BAE Systems is a multi-national company that says it has built HybriDrive electric powertrains for more than 3,500 transit buses in cities around the world, plus many thousands of straight diesel trucks for the U.S. Army. And it's developing hydrogen fuel cells and electric propulsion systems. So it seems to have strong credentials to design and market HybriDrive versions for Class 6, 7 and 8 trucks.
The design is based on the bus systems, and the company is working with Crane Carrier Corp. to take one to market in a trash-collection chassis later this year.
Executives showed off a heavy HybriDrive at last year's Work Truck Show in Indianapolis, sponsored by the National Truck Equipment Association. Since then BAE has announced long-term contracts with key suppliers. One is Caterpillar, which makes the CX31 automatic transmission that's part of the setup in this 2011-model Kenworth T800 dump truck. It was available for sampling in the Green Truck Ride and Drive at this year's show, also in Indy.
Here's why I found this truck interesting: During the construction season in central Ohio, where I live, I see a lot of dump and concrete mixer trucks rumbling along county roads. They brake often for arterial stop signs at intersections, and I have to believe that these would make excellent applications for hybrid-drive systems, whether electric or hydraulic. These are heavy trucks that require considerable braking force to make these frequent stops; couldn't a lot of that energy be captured and used to launch the trucks each time?
Most people who design hybrids say no, that the stops aren't frequent enough to justify the extra cost of the hybrid apparatus. Yet BAE chose a dump truck to demonstrate its system, so I felt vindicated, and made it a point to drive it. I came away impressed.
Smooth and quick are the words I'll use to describe the HybriDrive. Its electric components blended well with the truck's 425-horsepower Cummins ISM, boosting power to the driveline, while the Cat six-speed automatic tranny shifted smartly every time. The truck was fast off the line, but its bed was empty so of course it should've been. This is a parallel system so both power sources can work at the same time, and did during my short drive. With a more intense workout the HybriDrive should sometimes have enough electricity stored up to launch the truck by itself.
Regeneration during braking was noticeable but rather unobtrusive except for some faint whining. During deceleration, the 145-horsepower electric motor behind the engine acts as a generator, sending electricity to a 5-kilowatt lithium-ion battery pack. Foundation brakes come into play when the truck nears a complete stop, or in emergencies, which I never faced. Overall the brakes see far less wear, so maintenance on them is also less, as is the case with most hybrids.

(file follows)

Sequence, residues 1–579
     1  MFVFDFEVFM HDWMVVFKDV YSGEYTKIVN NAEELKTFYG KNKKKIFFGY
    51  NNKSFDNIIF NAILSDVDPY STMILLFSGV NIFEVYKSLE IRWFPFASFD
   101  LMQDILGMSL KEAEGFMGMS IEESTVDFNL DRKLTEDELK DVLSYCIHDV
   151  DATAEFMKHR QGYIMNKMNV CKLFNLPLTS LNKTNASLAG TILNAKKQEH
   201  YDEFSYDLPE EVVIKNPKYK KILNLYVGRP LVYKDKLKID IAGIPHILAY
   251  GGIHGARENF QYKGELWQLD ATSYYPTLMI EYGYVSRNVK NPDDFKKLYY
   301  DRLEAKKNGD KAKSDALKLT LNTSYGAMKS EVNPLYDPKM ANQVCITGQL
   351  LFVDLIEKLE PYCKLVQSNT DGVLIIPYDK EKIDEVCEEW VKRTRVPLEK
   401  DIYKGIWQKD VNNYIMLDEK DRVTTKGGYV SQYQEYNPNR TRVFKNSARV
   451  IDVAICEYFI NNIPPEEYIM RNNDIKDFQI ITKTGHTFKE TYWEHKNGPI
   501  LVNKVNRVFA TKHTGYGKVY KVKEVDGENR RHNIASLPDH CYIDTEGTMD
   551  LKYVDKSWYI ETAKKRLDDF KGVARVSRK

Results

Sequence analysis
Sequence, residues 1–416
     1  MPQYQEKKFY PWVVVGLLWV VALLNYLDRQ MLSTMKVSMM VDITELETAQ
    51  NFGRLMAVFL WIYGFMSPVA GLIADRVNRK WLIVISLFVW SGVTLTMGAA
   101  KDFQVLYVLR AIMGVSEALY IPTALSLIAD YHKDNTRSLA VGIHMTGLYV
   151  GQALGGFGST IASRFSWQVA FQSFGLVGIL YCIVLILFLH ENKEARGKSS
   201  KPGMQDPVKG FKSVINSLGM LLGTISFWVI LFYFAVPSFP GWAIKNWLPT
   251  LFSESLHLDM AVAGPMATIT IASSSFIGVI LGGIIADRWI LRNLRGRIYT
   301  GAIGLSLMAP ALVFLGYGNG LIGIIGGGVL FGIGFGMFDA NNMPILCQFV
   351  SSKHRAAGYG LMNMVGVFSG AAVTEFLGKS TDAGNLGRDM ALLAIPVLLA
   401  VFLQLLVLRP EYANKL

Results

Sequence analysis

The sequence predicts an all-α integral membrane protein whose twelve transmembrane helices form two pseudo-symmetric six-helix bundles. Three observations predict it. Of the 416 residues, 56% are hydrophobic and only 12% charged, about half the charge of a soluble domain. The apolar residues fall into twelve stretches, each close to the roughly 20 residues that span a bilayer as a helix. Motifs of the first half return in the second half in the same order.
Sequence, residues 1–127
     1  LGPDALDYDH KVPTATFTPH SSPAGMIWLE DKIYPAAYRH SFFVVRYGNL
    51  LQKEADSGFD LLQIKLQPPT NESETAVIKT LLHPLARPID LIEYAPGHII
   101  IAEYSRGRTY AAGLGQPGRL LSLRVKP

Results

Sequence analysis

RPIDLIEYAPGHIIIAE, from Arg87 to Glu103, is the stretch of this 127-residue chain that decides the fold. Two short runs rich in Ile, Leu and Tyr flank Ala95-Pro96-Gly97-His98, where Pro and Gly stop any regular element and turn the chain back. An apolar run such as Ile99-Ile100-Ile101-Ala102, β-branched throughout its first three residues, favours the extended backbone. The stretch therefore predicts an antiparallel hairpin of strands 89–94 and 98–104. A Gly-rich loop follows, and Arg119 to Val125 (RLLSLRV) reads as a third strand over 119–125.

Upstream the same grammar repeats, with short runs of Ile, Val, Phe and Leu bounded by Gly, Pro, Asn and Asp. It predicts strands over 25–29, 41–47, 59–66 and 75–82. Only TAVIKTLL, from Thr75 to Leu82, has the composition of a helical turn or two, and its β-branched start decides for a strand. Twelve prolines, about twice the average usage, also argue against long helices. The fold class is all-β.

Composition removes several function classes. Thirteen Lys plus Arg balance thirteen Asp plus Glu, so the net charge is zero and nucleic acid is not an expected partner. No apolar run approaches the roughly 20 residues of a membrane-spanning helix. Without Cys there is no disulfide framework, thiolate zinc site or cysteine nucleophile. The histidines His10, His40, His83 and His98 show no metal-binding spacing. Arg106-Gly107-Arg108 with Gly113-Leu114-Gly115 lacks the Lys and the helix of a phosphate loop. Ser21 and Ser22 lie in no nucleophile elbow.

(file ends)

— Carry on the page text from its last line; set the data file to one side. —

When the driver steps on the accelerator, electric power from the batteries is then sent back to the motor, which propels the truck as it moves away from a stop. The motor makes as much as 590 pounds-feet right from the start; that lessens the amount of torque and horsepower needed from the engine, which saves fuel. The motor-generator is also the diesel's starter, and an automatic clutch decouples it from the engine when the electric device is not needed for any of its three duties.
Track tests last year showed that HybriDrive saves about 30% in fuel compared to a diesel-only powertrain, BAE says. That's exactly in line with what other hybrid manufacturers are claiming, even if some users say they're saving even more. Then again, others get less, but it depends a great deal on how the truck is used.
Would a dump truck's regular duties present enough stopping and starting to generate the savings that would pay back the cost of the system in three to five years, as BAE claims? Is that time short enough for the average small-fleet operator? Maybe not. But progressive minds managing larger fleets might think so. And I hope one of these hybrids soon comes whining down a road near my house, 'cause then I can say, "Told ya so!"